Author Archives: Jimmy Bogard

About Jimmy Bogard

I'm a technical architect with Headspring in Austin, TX. I focus on DDD, distributed systems, and any other acronym-centric design/architecture/methodology. I created AutoMapper and am a co-author of the ASP.NET MVC in Action books.

Put your controllers on a diet: GETs and queries

Previous posts in this series: Redux Defactoring A survey In the last post, we surveyed the field to determine the path forward. Looking at our controller (and others), our controllers aren’t too messy, but they’re well on their way. On … Continue reading 

Posted in Architecture, ASP.NET MVC, Design | 63 Comments

Put your controllers on a diet: a survey

Previous posts in this series: Redux Defactoring In the last post, I removed all the abstractions and layers from my application in order to provide a better view on what my next steps should be. This is like climbing to … Continue reading 

Posted in Architecture, ASP.NET MVC, Design | 9 Comments

Put your controllers on a diet: defactoring

Posts in this series: Redux Defactoring Before getting to far in refactoring my controller, I want to spend a little bit of time doing some defactoring, removing abstractions and such until I can see the entire amount of non-framework code … Continue reading 

Posted in ASP.NET MVC | 34 Comments

Put your controllers on a diet: redux

A few years back, I put together a talk on putting your controllers on a diet using  variety of techniques and extension points inside MVC. Well, a lot has changed in four years, and with the lessons learned from the … Continue reading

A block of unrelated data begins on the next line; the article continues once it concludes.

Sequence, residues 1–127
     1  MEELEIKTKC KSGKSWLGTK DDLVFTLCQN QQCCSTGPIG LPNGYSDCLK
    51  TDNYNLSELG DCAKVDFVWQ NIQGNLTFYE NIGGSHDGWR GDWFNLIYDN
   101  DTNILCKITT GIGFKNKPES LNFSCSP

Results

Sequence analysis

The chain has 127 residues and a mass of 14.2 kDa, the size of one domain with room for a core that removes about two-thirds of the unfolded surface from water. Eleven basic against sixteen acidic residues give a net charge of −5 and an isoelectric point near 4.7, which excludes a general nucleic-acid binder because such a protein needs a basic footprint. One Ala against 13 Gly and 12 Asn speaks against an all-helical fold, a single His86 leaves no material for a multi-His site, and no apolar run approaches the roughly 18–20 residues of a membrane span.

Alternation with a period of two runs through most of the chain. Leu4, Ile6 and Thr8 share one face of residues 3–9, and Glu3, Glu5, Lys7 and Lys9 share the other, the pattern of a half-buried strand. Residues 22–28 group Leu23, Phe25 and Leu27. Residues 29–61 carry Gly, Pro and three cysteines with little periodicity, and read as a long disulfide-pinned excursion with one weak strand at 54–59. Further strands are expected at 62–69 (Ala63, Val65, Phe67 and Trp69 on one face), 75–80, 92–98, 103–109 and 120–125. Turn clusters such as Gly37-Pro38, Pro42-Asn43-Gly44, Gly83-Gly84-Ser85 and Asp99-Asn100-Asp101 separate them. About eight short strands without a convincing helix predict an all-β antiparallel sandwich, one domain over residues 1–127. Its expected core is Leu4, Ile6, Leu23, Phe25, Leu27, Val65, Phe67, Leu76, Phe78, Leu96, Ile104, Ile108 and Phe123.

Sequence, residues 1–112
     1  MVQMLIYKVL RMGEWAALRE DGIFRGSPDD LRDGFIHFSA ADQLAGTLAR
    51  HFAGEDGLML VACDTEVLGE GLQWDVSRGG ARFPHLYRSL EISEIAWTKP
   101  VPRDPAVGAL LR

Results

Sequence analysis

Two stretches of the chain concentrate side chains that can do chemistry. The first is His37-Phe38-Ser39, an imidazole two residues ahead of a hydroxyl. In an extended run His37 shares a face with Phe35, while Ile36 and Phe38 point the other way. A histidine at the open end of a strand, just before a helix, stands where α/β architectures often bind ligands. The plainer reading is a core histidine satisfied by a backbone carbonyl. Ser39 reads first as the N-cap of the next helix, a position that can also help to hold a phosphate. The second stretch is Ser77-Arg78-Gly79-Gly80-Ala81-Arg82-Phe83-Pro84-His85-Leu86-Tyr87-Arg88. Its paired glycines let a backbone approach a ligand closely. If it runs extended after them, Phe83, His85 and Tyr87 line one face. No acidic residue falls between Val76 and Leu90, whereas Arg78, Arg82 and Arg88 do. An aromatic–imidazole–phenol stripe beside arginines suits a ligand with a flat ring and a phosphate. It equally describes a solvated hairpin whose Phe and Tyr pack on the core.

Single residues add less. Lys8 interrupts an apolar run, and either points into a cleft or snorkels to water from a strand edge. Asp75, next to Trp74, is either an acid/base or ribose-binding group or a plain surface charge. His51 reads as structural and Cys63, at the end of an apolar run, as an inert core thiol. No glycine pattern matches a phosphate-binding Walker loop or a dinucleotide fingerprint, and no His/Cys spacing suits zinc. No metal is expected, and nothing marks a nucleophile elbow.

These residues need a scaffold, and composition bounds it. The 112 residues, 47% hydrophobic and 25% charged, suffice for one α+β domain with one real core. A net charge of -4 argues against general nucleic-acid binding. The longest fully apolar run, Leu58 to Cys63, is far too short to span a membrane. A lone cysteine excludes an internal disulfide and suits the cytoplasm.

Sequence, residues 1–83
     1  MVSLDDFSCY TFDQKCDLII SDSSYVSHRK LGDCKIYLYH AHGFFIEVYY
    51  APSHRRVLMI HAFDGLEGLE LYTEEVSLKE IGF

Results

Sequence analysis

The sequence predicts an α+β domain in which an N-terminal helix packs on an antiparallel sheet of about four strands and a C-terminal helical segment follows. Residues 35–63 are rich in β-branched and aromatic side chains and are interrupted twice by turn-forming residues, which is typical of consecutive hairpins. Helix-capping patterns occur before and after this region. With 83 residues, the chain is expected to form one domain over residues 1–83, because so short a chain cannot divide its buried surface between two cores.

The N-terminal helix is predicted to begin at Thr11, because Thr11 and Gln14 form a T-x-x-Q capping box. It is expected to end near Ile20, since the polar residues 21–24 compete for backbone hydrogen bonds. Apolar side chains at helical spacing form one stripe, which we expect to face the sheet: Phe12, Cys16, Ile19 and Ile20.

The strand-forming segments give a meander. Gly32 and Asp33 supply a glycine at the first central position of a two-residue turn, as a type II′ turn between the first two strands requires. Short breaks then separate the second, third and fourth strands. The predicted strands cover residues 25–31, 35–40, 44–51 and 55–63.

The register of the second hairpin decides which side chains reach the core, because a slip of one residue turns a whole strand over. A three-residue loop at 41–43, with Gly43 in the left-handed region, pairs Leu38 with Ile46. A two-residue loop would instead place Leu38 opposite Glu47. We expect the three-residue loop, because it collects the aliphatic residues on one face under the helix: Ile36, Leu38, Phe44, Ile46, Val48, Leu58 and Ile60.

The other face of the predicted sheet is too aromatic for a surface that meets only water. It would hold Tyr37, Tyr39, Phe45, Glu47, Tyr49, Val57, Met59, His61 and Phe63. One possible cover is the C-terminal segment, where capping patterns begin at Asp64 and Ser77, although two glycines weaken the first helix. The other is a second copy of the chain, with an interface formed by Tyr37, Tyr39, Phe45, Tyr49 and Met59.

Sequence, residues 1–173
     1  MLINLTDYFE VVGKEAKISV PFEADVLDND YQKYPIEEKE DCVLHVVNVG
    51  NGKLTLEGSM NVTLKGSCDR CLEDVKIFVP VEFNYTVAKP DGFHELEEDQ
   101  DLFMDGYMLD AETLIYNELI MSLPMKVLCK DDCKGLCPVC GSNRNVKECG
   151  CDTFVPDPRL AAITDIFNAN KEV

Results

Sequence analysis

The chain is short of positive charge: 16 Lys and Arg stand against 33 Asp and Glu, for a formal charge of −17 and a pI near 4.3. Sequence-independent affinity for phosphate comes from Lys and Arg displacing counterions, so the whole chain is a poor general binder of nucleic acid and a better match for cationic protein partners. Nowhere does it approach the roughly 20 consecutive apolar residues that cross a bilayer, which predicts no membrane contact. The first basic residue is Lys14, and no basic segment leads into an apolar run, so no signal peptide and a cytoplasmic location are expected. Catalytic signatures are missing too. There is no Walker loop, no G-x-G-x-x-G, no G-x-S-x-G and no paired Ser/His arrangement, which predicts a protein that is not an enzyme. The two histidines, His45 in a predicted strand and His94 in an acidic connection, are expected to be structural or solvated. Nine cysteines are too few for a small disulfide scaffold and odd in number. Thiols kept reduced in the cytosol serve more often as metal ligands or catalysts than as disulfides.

Posted in ASP.NET MVC | 9 Comments

Evolutionary architecture boundaries

At Headspring, we’re fairly obstinate in our approach in evolving a system’s design and architecture over time. As a consulting company, we get to see a LOT of different codebases, and while it may be selection bias, we are generally … Continue reading 

Posted in Architecture, Design | 3 Comments

Scaling lessons learned–from 0 to 15 million users

The bulk of my time in the last three or so years at Headspring has been building and architecting a loyalty reward system (think Best Buy Reward Zone). I’ve worked on Very Large Systems before, Fortune 50 e-commerce sites, but … Continue reading 

Posted in Architecture | 11 Comments

Curbing long tail design

One of the perks of my job (and talking to a lot of folks) is that I get to see a lot of people’s actual code. Not gists, blog examples, or GitHub playgrounds, but real, actual, production code. Some code … Continue reading 

Posted in Architecture, Design | 21 Comments

Test styles and avoiding setup/teardown

Curious about NSpec, Amir Rajan posted a challenge that posited that NSpec can make your tests cleaner. The results are summarized here: https://gist.github.com/amirrajan/6701522 One thing that is in stark contrast with my tests: https://gist.github.com/jbogard/6690905 And the others is that I … Continue reading 

Posted in TDD, Testing | 3 Comments

Perception is Reality–The state of OSS in .NET

A response to Amir Rajan’s post that .NET OSS is DOA. The history of OSS in .NET is a long and winding road. It involves many different champions in the community, many different teams in Microsoft, and a very interesting … Continue reading 

Posted in Community, OSS | 31 Comments

AutoMapper 3.0, Portable Class Libraries and PlatformNotSupportedException

One of the major additions of AutoMapper 3.0 is the support of multiple frameworks through Portable Class Libraries. A Portable Class Library (PCL) allows a library developer to easily target multiple frameworks, as Scott Hanselman pointed on in a blog … Continue reading 

Posted in AutoMapper | 15 Comments